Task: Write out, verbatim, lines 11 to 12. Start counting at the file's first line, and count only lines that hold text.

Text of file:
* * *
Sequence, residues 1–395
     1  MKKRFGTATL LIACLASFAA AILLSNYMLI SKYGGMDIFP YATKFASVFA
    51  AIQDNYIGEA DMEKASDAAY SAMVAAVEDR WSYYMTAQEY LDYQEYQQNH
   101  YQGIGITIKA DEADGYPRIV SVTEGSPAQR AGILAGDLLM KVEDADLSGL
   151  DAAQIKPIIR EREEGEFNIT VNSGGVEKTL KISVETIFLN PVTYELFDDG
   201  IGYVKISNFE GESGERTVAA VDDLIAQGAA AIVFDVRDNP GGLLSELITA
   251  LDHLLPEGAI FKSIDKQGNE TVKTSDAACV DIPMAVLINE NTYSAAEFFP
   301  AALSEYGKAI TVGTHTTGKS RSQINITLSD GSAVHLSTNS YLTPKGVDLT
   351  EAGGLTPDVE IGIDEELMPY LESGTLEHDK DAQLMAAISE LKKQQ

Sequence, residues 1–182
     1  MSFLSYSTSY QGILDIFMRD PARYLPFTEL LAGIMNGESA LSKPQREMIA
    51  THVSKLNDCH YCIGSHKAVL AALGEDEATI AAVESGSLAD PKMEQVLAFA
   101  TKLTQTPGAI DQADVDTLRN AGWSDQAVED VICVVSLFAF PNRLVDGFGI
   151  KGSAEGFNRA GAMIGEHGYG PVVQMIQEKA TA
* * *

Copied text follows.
     1  MSFLSYSTSY QGILDIFMRD PARYLPFTEL LAGIMNGESA LSKPQREMIA
    51  THVSKLNDCH YCIGSHKAVL AALGEDEATI AAVESGSLAD PKMEQVLAFA